With the crash in the price of crude oil in the international market and the attendant depreciation of the Naira against major currencies, banks are heading for slow growth in key financial indicators, writes Osaze Omoragbon
As banks make preparations to unveil their 2015 audited financial statements, experts have advised the investing public to brace for a bad financial year. This is as a result of the gloom that has enveloped the domestic and global economy following the crash in the price of crude oil in the international market and the fall in the value of the Naira against major currencies.
In the past 18 months, the price of crude oil has witnessed a 70 percent drop while the Naira has lost about 50 percent of its value in the black market in the same period. The stock market has also witnessed a 17 percent drop in capitalisation year-to-date. According to sources in the banks, the financial statements are being vetted by the regulators; the Central Bank of Nigeria (CBN) and the Nigerian Deposit Insurance Corporation (NDIC) and it could take to the end of March before the public would have a glimpse of the audited statements.
However, analysts have been poring over the quarterly and half-year unaudited reports of the banks to discern a pattern ahead of the release of the official report. The verdict is unanimous; the banks are heading for slow growth in key performance indicators. In a sign of things to come, early in 2015, some banks in a bid to salvage their dwindling fortunes embarked on aggressive cost-cutting by laying-off workers while consolidating balance sheets. “The audited half-year and nine months financial results could mislead because most banks may show profitability up to then because the Treasury Single Account (TSA) has not been enforced then,” says a management staffer of Zenith Bank who pleaded anonymity.
Indeed, a cursory look at the nine months audited/unaudited accounts of some deposit money banks show key performance indicators edging up even as some analysts fear they could be undone by events in the fourth quarter. Zenith Bank Plc audited nine months financial statement ending September 30th shows profit before tax (PBT) climbing from N86.81billion in 2014 to N104.05 billion in 2015. Access Bank also grew its PBT from N42.155 billion to N60.37 billion.
The most important factors that could affect the bottom-line of banks, according to industry watchers, are the enforcement of the Treasury Single Account (TSA), the price of crude oil which dropped below $30 for the first time since 2003 and the battered exchange rate which tops N300 to the dollar in the unofficial market. Prior to the enforcement of the TSA by the administration of President Muhammadu Buhari, banks earned handsome rewards from Commission-on-Turnover (COT) on deposit of Ministries, Departments and Agencies (MDAs) running into N2trillion.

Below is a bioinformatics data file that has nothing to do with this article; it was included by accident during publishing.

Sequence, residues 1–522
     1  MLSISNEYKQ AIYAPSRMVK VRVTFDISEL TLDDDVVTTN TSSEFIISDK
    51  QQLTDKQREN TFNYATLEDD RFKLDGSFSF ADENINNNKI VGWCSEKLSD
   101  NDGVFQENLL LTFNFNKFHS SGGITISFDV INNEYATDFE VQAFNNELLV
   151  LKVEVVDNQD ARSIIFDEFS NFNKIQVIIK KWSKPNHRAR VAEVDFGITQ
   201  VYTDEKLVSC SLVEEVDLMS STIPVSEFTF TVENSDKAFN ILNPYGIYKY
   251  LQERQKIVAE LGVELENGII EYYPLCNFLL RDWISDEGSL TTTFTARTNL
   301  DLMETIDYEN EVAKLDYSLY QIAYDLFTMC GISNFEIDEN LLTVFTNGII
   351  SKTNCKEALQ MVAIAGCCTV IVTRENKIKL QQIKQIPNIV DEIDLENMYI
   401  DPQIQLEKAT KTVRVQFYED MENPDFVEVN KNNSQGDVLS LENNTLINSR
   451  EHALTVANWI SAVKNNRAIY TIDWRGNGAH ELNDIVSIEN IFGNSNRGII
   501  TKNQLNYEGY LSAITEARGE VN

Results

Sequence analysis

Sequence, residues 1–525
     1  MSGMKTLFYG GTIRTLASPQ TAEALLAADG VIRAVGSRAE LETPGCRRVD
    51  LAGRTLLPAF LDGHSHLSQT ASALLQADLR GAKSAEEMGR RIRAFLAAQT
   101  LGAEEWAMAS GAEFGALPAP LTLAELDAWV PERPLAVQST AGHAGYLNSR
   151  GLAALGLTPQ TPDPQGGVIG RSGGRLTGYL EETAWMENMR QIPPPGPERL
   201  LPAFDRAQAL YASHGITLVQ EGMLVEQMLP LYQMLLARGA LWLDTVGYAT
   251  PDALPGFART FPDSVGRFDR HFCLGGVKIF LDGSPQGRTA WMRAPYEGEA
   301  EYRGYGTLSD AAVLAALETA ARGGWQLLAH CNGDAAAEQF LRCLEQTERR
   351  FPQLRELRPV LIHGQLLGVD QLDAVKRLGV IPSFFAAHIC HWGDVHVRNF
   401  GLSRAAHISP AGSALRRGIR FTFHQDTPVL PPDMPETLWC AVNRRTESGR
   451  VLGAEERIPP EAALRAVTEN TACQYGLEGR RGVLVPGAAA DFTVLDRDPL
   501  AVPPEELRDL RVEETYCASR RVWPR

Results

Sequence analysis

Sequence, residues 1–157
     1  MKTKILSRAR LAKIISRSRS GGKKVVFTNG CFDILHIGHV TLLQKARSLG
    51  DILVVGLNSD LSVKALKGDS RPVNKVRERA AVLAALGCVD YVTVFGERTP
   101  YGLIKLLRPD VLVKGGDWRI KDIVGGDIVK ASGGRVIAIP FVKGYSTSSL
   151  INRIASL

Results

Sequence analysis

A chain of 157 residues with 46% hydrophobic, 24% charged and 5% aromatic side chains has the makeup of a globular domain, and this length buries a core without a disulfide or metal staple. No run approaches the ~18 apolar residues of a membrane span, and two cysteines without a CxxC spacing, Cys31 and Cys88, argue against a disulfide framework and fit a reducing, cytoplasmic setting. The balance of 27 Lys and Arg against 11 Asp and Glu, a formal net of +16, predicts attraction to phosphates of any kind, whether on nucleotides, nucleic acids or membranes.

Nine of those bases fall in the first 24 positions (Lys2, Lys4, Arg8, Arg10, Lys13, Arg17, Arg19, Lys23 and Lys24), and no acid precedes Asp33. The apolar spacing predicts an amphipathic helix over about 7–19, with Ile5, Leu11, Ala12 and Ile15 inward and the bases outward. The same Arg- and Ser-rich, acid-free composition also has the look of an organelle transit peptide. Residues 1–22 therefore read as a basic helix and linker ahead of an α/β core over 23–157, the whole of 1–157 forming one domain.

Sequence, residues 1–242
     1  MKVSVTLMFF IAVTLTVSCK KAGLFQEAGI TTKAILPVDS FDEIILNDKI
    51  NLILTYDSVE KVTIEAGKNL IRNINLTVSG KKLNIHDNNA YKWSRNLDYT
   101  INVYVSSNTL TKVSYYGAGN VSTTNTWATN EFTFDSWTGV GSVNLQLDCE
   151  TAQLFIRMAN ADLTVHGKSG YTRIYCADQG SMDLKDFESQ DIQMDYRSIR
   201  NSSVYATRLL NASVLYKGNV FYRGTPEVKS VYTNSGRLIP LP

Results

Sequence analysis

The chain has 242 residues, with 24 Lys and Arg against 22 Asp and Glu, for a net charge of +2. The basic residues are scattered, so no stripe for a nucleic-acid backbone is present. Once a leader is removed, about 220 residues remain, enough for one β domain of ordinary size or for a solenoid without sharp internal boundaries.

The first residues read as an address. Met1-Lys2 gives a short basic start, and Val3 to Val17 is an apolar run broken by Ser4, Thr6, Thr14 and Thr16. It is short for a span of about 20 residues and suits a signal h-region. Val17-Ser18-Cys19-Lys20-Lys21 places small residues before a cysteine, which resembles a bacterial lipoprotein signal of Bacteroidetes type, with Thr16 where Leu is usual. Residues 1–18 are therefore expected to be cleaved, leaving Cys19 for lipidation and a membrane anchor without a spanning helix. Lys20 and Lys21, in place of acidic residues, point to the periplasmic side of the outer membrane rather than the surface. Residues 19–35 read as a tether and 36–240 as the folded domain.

Banks are thought to have lost several billions in commissions on public sector deposits. The banks, experts opined, could succumb to currency mismatches following the worsening foreign exchange market. Banks that borrowed in foreign currencies would find it hard repaying now that the Naira has slid against major currencies even as the CBN has embarked on some sort of capital controls to stem capital flight. “In the heydays of the boom, some banks actually took on foreign loans and they have to repay it back now that the Naira has lost value,” says Martins Uwa, a financial analyst.
Although Femi Awoyemi, chief executive officer, Proshare Nigeria, believes that sound currency risk management could have mitigated the impact of the downward slide of the Naira, he admits that the devaluation of the Naira as well as the scarcity of foreign exchange magnify the gap in funding.
Already, many observers think the CBN reprimand of three unnamed banks last year to shore up their capital base is linked to the enforcement of the TSA. Last year, the CBN gave the three banks up till the middle of this year to recapitalise or face sanctions. The apex bank has also urged banks to double provision for loans to two percent to build adequate buffers against unexpected losses as liquidity ratios fall. Non-performing loans rose to 4.65 percent at the end of June 2015 due to fall in asset quality following the devaluation of the Naira. Credit risk could be amplified as government and oil companies face revenue shortfalls. “We have to sit down with some of these debtors to renegotiate credits,” says a bank official who craves anonymity.
Indeed, sources claim the banks could face deterioration in asset quality: 20% of loans were made to oil and gas producers and another 4 percent to under performing power companies.
The classification of some banks last year as Systematically Important Financial Institutions imposed stiffer requirements which led some of them to raise money from the capital market to meet the new capital requirements. Others such as Wema Bank have shelved plans to raise funds from the capital market. Although, the CBN has intensified its effort to salvage the dwindling Naira, the ability of the banks to weather the current global economic slowdown without a major crisis remains to be seen.n